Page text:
Nonetheless, the maize lost would have left each of the individual grappling with hunger pangs due to lack of rainfall, with around 13.1 kilogrammes. This is more than a third of what a typical Kenyan consumed in 2020.

The country lost 105 million kilogrammes of tomatoes during the period under review, about a tenth of the total production of 1.1 billion kilogrammes.

For those affected with drought, this is more than enough tomatoes for them every person getting 15.6 kilogrammes of the vegetable. This is against a per capita consumption of 19.7 kilogrammes.

The country lost close to 101 million kilogrammes of fruits, excluding bananas, oranges, lemons and apples. This includes such fruits as mangoes.

Other produce that went to waste due to poor storage and handling, transport, and fungi attack, according to data contained in the 2021 Economic Survey released last week, includes Pulses (23 million kilogrammes), and sweet potatoes (69 kilograms).

Every year, the country loses about a third of its produce through post-harvest losses and food wastage by consumers who buy more than they need, explained Njagi.

Post-harvest losses for produce such as potatoes, beans and maize, gets worse when it rains during the harvesting season.

This has an impact on the country’s food security and reduces profitability for farmers.

Sacks of potatoes at a stall in Eldoret. [Kipsang Joseph, Standard]

The Government has estimated post-harvest losses at 20 per cent. As part of its Big Four agenda, the State plans to cut these losses to 15 per cent by 2022.

President Uhuru Kenyatta also plans to waive duty on costly cereal drying equipment, hematic bags, grain cocoons/silos, and feed to minimise post-harvest losses.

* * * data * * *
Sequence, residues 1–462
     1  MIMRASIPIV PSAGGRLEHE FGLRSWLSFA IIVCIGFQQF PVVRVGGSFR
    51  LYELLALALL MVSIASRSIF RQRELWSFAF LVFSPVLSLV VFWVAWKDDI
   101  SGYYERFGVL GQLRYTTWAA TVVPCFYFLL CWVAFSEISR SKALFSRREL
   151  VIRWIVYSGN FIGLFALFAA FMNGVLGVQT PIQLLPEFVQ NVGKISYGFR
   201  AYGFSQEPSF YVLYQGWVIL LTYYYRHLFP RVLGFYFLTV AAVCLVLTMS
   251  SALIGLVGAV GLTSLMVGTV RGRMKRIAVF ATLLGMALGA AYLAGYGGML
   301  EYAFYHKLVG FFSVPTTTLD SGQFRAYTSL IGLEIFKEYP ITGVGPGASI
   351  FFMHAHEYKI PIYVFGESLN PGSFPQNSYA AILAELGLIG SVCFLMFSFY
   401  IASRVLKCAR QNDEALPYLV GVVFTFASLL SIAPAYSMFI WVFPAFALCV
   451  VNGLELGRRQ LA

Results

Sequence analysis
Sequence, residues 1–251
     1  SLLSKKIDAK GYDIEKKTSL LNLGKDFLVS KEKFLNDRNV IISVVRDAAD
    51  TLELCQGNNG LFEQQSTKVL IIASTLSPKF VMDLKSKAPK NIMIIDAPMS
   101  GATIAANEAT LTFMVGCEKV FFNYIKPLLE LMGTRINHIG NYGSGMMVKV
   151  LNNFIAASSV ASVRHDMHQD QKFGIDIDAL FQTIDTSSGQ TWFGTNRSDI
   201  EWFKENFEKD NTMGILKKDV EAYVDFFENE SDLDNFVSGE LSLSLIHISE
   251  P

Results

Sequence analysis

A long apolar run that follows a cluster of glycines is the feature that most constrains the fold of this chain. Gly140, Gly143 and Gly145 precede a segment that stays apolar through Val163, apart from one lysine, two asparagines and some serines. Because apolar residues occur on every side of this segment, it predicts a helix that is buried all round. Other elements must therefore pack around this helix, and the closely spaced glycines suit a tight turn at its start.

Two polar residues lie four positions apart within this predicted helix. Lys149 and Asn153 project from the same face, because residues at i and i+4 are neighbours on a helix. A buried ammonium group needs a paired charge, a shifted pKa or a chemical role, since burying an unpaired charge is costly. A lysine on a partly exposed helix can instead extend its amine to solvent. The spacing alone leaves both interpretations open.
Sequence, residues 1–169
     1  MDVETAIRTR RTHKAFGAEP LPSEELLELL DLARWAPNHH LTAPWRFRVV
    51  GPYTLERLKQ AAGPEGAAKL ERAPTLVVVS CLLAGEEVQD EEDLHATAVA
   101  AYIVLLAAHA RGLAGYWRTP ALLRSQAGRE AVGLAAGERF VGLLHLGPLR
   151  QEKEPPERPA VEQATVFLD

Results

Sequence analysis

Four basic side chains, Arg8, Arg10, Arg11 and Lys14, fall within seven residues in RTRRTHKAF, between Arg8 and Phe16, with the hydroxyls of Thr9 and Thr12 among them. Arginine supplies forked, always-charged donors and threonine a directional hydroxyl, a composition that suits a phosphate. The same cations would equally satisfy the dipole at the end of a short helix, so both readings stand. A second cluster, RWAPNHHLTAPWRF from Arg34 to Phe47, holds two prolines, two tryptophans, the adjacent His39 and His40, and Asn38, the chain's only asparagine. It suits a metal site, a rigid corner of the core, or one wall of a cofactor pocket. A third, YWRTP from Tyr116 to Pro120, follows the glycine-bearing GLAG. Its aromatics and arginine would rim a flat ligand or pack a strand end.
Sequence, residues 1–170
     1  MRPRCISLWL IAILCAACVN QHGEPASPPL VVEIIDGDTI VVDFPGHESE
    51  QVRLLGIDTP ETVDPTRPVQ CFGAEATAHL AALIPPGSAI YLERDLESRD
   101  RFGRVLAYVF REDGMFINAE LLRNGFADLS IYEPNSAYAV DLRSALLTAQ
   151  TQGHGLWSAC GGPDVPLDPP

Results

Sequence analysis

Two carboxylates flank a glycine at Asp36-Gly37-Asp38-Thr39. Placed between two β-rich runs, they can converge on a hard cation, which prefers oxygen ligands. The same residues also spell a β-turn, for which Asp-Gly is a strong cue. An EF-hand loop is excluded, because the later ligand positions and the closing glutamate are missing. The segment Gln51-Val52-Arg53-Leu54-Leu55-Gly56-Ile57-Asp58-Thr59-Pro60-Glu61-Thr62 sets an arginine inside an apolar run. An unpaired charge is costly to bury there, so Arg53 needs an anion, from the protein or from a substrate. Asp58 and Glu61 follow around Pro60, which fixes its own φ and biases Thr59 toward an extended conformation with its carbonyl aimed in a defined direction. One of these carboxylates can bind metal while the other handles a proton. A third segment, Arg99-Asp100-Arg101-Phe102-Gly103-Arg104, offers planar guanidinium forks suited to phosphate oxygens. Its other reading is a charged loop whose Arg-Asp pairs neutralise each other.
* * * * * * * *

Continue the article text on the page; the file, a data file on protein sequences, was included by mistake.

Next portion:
“The government will also transform the Strategic Food Reserve by promoting investments in post-harvest handling through public-private partnerships, and by contracting farmers and other commercial off-takers,” said the National Treasury in the Budget Policy Statement for 2018.

Fish production, is also a casualty of post-harvest losses, has also been roped into the Government’s development agenda. It is keen to establish commercialised feedlots for fish and offering incentives for post-harvest technologies.

Mr Njagi said post-harvest losses occurred through poor management, storage, and conveyance as the crop moves from the farm to the market.

The government has been talking of the creation of a commodity exchange to save farmers from being exploited by brokers.

Njagi said good storage facilities alone were not the solution. “While some maize farmers have good storage facilities, the way they store the grain exposes it to humidity and oxygen, thus leading to aflatoxin infection,” said Njagi.

Cold storage trucks are ideal for transporting perishable produce such as tomatoes and milk, but they are expensive.

However, experts have also called for scientific methods of determining post-harvest loss, that most of the figures being thrown around were not scientifically determined, making it difficult for the authorities to take action.

“You need to establish what loss is likely to occur and where so you can have an appropriate response,” said Njagi.

He added that most large-scale farmers did not transport their crops using pit bags, instead using normal bags. Fruits and vegetables, particularly tomatoes, are transported in wooden boxes, resulting in losses

In eastern Kenya, mangoes rot because picky buyers reject them for insignificant reasons such as having spots. “It does not mean that they are not edible. They can be eaten, it is only that buyers tend to pick first grade and everything else goes to waste,” Njagi said.

Such fruits can be blended into juice. Makueni county has set up a mango juice factory, which will go a long way in stemming losses.